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Work values, endogenous sentiments redistribution

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  • Cervellati, Matteo
  • Esteban, Joan
  • Kranich, Laurence

Abstract

We examine the interactions between individual behavior, sentiments and the social contract in a model of rational voting over redistribution. Agents have moral "work values". Individuals' self-esteem and social consideration of others are endogenously determined comparing behaviors to moral standards. Attitudes toward redistribution depend on self-interest and social preferences. We characterize the politico-economic equilibria in which sentiments, labor supply and redistribution are determined simultaneously. The equilibria feature different degrees of "social cohesion" and redistribution depending on pre-tax income inequality. In clustered equilibria the poor are held partly responsible for their low income since they work less than the moral standard and hence redistribution is low. The paper proposes a novel explanation for the emergence of different sentiments and social contracts across countries. The predictions appear broadly in line with well-documented differences between the United States and Europe.

Suggested Citation

  • Cervellati, Matteo & Esteban, Joan & Kranich, Laurence, 2010. "Work values, endogenous sentiments redistribution," Journal of Public Economics, Elsevier, vol. 94(9-10), pages 612-627, October.
  • Handle: RePEc:eee:pubeco:v:94:y:2010:i:9-10:p:612-627
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    Cited by:

    1. Riccardo Ghidoni & Matteo Ploner, 2014. "When do the Expectations of Others Matter? An Experiment on Distributional Justice and Guilt Aversion," CEEL Working Papers 1403, Cognitive and Experimental Economics Laboratory, Department of Economics, University of Trento, Italia.
    2. Gilles Le Garrec, 2014. "Fairness, socialization and the cultural deman for redistribution," Sciences Po publications 2014-20, Sciences Po.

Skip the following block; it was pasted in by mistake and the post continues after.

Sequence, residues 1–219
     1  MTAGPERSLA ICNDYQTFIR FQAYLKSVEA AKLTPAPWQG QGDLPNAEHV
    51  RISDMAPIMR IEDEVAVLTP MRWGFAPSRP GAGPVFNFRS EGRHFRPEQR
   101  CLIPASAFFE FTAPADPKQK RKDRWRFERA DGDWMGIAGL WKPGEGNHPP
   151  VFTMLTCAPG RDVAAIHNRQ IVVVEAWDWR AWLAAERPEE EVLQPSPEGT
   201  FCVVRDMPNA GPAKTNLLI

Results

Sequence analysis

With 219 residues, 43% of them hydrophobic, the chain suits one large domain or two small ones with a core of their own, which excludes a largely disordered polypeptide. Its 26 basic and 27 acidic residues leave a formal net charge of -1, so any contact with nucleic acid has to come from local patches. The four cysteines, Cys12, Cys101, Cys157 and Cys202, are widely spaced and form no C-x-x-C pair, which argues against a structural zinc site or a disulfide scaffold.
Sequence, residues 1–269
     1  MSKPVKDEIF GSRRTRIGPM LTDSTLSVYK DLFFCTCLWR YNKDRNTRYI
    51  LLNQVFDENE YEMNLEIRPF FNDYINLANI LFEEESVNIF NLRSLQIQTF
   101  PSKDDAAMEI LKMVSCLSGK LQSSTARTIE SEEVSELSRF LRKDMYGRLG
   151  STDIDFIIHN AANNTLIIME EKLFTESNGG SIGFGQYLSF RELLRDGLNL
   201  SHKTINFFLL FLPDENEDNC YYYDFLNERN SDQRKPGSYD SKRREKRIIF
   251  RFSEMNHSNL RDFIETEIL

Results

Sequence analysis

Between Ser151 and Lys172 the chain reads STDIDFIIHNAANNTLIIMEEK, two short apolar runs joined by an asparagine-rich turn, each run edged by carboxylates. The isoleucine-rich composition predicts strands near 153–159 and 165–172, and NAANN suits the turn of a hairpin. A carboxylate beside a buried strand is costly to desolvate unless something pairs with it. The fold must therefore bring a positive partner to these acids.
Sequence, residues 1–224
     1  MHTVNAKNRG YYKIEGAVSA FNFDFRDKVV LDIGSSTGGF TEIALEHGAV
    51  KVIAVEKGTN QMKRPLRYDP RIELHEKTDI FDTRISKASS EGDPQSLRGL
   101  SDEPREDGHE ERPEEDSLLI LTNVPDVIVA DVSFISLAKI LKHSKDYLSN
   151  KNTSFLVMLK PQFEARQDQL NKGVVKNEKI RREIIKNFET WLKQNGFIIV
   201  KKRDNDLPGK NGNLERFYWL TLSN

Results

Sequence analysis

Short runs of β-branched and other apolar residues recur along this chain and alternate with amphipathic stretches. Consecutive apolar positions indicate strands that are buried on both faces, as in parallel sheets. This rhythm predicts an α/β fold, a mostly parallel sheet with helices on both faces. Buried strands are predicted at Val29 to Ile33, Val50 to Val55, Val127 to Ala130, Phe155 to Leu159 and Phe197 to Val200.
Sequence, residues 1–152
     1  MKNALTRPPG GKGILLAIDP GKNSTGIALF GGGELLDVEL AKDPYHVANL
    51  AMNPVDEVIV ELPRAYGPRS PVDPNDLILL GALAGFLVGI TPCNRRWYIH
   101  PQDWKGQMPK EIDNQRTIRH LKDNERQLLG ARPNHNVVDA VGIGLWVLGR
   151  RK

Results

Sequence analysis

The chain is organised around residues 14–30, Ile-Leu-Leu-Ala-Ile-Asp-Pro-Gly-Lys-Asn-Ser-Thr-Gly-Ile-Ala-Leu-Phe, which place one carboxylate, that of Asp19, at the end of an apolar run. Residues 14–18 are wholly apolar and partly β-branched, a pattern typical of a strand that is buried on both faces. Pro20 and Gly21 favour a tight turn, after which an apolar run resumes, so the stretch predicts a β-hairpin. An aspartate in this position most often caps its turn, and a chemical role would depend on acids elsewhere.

3. Corneo, Giacomo, 2013. "Work norms, social insurance and the allocation of talent," Journal of Public Economics, Elsevier, vol. 107(C), pages 79-92.
    4. Samuel Bowles & Sandra Polania-Reyes, 2011. "Economic incentives and social preferences: substitutes or complements?," Department of Economics University of Siena 617, Department of Economics, University of Siena.
    5. Erik Schokkaert & Tom Truyts, 2017. "Preferences for redistribution and social structure," Social Choice and Welfare, Springer;The Society for Social Choice and Welfare, vol. 49(3), pages 545-576, December.
    6. Corneo, Giacomo, 2012. "Social insurance, work norms, and the allocation of talent," CEPR Discussion Papers 9028, C.E.P.R. Discussion Papers.
    7. Cervellati, Matteo & Vanin, Paolo, 2013. "“Thou shalt not covet”: Prohibitions, temptation and moral values," Journal of Public Economics, Elsevier, vol. 103(C), pages 15-28.
    8. Corneo, Giacomo & Neher, Frank, 2015. "Democratic redistribution and rule of the majority," European Journal of Political Economy, Elsevier, vol. 40(PA), pages 96-109.
    9. Robin Boadway & Nicolas-Guillaume Martineau, 2013. "Normative Analysis with Societal Constraints," CESifo Working Paper Series 4305, CESifo Group Munich.
    10. Gilles Le Garrec, 2018. "Fairness, social norms and the cultural demand for redistribution," Social Choice and Welfare, Springer;The Society for Social Choice and Welfare, vol. 50(2), pages 191-212, February.
    11. Gilles Le Garrec, 2014. "Fairness, socialization and the cultural deman for redistribution," Documents de Travail de l'OFCE 2014-20, Observatoire Francais des Conjonctures Economiques (OFCE).
    12. Luna Bellani & Heinrich Ursprung, 2016. "The Political Economy of Redistribution Policy," CESifo Working Paper Series 6189, CESifo Group Munich.

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